West Bay Opera’s production of “Il Trovatore” is slated to open Friday night in Palo Alto and run through Oct. 26.

West Bay Opera’s production of “Il Trovatore” (“The Troubadour”) is scheduled to open this weekend...

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Spiritual Life

Magazine

Local events add color to autumn calendar

Local events add color to autumn calendar


Van Houtte/town crier Visitors make their way through the Children’s Alley.

As Los Altos’ signature Chinese Pistache trees exchange their summer green for vibrant hues of yellow, orange and red in the fall, an abundance of local events also ad...

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Once-A-Year Day: A Piece of My Mind

Everyone’s entitled to be wild/ Be a child/ Be a goof/ Raise the roof/ Once a year.

– “Once-A-Year Day” from “The Pajama Game”

On the last Sunday in June, it seemed as though everyone had taken this old Broadway song to heart. It was Gay Pride Day in San Francisco, and 1.5 million people were celebrating the U.S. Supreme Court’s decision earlier that same week invalidating the Defense of Marriage Act and California’s Proposition 8. Eighty unisex couples had married the previous day at San Francisco City Hall. The party on Sunday was, in the words of a San Jose Mercury News reporter, “like the biggest, happiest wedding reception you could imagine.”

My husband and I rode BART up to the city to attend a San Francisco Symphony program, and we were swept up in the festivities as we walked from the Civic Center BART station to Davies Symphony Hall.

As we threaded through the crowd, a conservatively dressed middle-aged fellow with a well-trimmed beard spoke to me. “Are you two a couple?” he asked, gazing from me to my husband, both in our Sunday Symphony best.

“Yes, we are.”

He broke into a beaming smile.

“It’s so great to have people like you here in support! This is such a great day! I never thought I would see this day!”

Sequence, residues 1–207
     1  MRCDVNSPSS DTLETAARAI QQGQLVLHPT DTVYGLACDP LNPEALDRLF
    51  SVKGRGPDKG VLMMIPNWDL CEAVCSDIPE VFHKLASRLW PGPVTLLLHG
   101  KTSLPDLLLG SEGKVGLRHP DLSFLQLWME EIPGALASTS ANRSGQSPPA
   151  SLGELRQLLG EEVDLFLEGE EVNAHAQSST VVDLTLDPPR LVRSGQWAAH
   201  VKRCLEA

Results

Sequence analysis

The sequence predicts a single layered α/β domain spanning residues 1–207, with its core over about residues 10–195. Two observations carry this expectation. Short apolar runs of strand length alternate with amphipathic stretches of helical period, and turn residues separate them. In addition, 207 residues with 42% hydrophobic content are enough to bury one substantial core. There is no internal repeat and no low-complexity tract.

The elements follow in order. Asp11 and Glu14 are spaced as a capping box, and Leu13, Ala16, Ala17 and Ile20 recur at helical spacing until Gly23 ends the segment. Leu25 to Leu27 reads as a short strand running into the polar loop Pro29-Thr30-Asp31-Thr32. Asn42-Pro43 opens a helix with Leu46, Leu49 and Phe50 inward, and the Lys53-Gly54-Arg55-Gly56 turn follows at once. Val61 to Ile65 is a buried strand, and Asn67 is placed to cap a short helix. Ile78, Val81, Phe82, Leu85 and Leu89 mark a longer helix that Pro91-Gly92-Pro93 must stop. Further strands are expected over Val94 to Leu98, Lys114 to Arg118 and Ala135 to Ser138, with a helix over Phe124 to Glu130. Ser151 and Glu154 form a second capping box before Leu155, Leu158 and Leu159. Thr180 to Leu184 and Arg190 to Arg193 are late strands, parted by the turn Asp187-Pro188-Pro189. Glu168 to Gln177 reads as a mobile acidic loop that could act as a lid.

I didn’t tell him we were there for the symphony, but I wished him a wonderful afternoon.

“It will be!” he replied, as the crowd separated us.

I grabbed a Pride Guide to the festivities from a street stall and perused it while waiting for the symphony to begin. The performance was terrific – the first concert performance of the complete musical, Leonard Bernstein’s “West Side Story,” led with gusto by Bernstein’s friend and protégé, Michael Tilson Thomas. The lead singer, minor TV star Cheyenne Jackson, has an amazing vocal range and great ability to sell a song. He was also listed in the Pride Guide as one of the Celebrity Grand Marshals of the Gay Pride Parade.

At intermission, we wandered out to the balcony, from which we could see a corner of the celebration still going on at United Nations Plaza. Traffic was at a standstill on Van Ness Avenue, and people in costumes, carrying balloons, flourishing signs and holding hands were crossing below, waving up at us on the balcony. We waved back.

After the concert, we made our way through the packed throng to the BART station. We passed a group of people shouting and dancing along with a rap group on one of the side stages. We walked by another side stage where a cheerleading squad was performing acrobatic flips and pyramids.

The BART station was solid people, a big friendly mob – no pushing, no elbows, just laughter at our common sardine-hood. We inched our way to the turnstiles, where a guard was assisting people with Clipper cards – we made it through. I have never seen a BART train so crowded, but a young couple in cutaway jeans and pink tank tops jumped up and offered us their seats.

It was a party. It was raucous and joyful and sweet. There are different opinions about the Supreme Court decision and about what marriage means, but it is hard to resist something that made so many people so plainly, euphorically, unreservedly happy on a gorgeous San Francisco afternoon.